Reading novels from Nobel Literature winners is not my cup of tea. So, when a friend suggested "My Name Is Red" to me, I was apprehensive to start. After all, it is written by Orhan Pamuk, Turkish writer and winner of Nobel Prize in Literature 2006 for his novel titled "Snow". My Name Is Red was written much earlier (in 2001) but still it would be an effort to read it - so as I thought. And, I was indeed correct. It is not effortless reading but it is surely worthwhile.
In general, Orhan Pamuk has been vocal about freedom of expression issues. In year 2005, he was forced to flee from his country due to the hate campaigns against him after he made a statement regarding the mass killings of Armenians and Kurds in Antolia. There were criminal charges brought against him for these remarks but they were subsequently dropped. I have earlier read some part of his Nobel lecture and his thoughts touched me a lot. An excerpt from his Nobel lecture is as follows (translation by Maureen Freely) :-
What literature needs most to tell and investigate today are humanity's basic fears: the fear of being left outside, and the fear of counting for nothing, and the feelings of worthlessness that come with such fears; the collective humiliations, vulnerabilities, slights, grievances, sensitivities, and imagined insults, and the nationalist boasts and inflations that are their next of kind ... Whenever I am confronted by such sentiments, and by the irrational, overstated language in which they are usually expressed, I know they touch on a darkness inside me. We have often witnessed peoples, societies and nations outside the Western world–and I can identify with them easily–succumbing to fears that sometimes lead them to commit stupidities, all because of their fears of humiliation and their sensitivities. I also know that in the West–a world with which I can identify with the same ease–nations and peoples taking an excessive pride in their wealth, and in their having brought us the Renaissance, the Enlightenment, and Modernism, have, from time to time, succumbed to a self-satisfaction that is almost as stupid.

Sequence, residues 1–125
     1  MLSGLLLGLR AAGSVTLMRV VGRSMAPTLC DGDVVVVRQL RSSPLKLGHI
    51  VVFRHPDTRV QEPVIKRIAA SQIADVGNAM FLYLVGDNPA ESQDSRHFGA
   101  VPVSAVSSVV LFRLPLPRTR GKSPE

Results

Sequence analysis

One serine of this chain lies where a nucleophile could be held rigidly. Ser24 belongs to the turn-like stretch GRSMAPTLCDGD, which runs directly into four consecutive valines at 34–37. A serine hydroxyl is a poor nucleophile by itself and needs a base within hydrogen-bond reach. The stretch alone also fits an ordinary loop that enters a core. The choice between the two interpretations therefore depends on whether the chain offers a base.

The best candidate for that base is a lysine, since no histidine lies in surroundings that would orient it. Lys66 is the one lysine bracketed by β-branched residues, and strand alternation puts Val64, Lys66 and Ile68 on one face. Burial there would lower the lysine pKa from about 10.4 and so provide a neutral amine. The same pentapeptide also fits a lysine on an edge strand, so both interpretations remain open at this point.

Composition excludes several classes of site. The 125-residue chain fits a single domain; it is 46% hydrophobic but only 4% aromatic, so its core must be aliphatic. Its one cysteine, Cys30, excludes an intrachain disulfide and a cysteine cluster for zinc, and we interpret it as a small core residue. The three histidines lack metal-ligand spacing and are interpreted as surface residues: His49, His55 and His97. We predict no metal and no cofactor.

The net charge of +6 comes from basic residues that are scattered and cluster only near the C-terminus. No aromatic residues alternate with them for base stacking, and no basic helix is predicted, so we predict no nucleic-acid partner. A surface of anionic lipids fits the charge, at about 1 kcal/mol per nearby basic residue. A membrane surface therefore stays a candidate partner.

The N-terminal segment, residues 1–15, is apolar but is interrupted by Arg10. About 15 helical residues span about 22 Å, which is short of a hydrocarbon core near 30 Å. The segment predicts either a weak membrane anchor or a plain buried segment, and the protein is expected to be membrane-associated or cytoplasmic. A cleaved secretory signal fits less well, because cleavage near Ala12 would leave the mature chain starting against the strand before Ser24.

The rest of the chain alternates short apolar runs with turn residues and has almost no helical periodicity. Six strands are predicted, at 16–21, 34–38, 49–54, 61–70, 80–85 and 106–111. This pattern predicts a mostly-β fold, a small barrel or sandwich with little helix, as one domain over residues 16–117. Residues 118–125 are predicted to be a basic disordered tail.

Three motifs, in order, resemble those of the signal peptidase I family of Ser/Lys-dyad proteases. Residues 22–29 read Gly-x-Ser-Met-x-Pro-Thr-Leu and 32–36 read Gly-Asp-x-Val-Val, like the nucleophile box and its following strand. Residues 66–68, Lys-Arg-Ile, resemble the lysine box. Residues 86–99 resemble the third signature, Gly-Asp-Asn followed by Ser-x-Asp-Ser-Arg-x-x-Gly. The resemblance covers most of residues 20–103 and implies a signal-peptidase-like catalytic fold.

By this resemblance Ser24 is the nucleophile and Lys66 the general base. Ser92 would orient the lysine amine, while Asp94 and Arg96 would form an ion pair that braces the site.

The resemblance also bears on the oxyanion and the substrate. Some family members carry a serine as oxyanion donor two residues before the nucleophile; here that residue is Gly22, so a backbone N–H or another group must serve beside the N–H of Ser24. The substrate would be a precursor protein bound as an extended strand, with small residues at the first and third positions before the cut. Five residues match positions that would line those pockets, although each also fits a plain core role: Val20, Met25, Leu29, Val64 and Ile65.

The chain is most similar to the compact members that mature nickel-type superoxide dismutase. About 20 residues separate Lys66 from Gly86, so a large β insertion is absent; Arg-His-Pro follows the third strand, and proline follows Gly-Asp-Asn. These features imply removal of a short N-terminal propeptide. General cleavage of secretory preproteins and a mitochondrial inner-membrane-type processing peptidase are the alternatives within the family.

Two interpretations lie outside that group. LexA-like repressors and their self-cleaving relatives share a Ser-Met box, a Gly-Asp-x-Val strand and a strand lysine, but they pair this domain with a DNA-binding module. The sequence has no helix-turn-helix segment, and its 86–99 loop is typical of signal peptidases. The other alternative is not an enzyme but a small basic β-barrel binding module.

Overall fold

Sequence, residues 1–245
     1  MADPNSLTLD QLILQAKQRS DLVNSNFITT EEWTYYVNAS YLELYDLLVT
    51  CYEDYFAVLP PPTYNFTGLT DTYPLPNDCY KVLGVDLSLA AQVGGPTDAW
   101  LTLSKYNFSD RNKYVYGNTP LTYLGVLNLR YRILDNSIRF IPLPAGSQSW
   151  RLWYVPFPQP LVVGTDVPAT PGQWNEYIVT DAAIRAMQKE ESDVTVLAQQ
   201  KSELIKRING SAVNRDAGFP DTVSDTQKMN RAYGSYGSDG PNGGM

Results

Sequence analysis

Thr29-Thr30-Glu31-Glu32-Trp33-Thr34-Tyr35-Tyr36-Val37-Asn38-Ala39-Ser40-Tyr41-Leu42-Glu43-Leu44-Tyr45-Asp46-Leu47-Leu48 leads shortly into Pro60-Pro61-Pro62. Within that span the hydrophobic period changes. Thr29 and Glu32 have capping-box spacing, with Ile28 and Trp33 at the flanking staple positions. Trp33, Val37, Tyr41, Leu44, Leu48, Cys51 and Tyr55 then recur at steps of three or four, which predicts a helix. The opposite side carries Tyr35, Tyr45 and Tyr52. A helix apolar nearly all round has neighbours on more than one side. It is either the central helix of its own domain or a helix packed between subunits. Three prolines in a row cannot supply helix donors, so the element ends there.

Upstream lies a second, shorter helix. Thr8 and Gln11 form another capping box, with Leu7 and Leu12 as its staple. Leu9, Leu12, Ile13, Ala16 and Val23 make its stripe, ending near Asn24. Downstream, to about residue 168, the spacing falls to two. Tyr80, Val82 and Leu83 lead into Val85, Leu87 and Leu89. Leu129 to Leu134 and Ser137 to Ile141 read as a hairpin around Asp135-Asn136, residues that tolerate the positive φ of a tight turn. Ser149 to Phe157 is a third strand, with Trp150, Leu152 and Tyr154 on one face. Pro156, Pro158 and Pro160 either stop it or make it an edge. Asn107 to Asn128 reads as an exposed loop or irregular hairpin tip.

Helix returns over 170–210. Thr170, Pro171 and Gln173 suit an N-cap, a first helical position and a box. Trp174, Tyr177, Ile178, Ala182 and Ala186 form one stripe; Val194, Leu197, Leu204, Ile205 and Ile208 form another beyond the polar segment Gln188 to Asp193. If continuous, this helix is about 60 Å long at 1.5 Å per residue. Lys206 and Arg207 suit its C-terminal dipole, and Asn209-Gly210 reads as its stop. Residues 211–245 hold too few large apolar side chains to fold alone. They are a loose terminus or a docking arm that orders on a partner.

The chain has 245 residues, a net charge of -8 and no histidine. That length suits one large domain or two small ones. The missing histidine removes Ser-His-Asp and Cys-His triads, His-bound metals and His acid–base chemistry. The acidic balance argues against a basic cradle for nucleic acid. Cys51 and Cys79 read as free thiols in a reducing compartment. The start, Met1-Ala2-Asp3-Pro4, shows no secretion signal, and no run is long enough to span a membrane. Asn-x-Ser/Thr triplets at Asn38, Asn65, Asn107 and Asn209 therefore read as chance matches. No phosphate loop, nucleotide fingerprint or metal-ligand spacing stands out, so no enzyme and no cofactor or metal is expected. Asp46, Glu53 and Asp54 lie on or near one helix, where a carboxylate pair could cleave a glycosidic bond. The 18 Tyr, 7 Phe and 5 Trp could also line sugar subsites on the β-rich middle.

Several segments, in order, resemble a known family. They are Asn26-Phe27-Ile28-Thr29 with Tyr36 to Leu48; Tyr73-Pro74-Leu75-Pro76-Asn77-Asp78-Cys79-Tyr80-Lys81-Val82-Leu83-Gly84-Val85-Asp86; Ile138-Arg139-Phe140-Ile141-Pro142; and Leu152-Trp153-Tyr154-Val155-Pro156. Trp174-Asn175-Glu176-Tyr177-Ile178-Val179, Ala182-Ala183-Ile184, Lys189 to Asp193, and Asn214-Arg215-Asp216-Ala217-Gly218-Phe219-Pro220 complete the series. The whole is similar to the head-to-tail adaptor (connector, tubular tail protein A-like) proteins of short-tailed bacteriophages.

My Name Is Red is a kind of murder mystery set in 1591, when the murder of Elegant Effendi, a painter in the Ottoman Empire, threatens to expose a blasphemy that has infected Ottoman court painters. It is rumored that a secret book commissioned by the sultan is dedicated to European artistic styles, which favours figurative arts (prohibited in Islam). Four miniaturists, under the guidance of a rival to the sultan, have been painting it secretly. Consumed by guilt, Elegant confesses one evening, inciting someone to murder him. The clue to which miniaturist murdered him hinges upon the nostrils of a horse: In a drawing found on the dead man's body, these nostrils displayed a distinct style. This story of the sultan's secret book and the murder is told in the first person from the point of view of various narrators, not all of them human. So we hear from the corpse, the lovers and the murderer, a gold coin, the color red, and many more. The characters talk with the reader directly, and nearly each chapter has its own narrator starting with the murdered painter himself in the first chapter.
Wonderfully written book.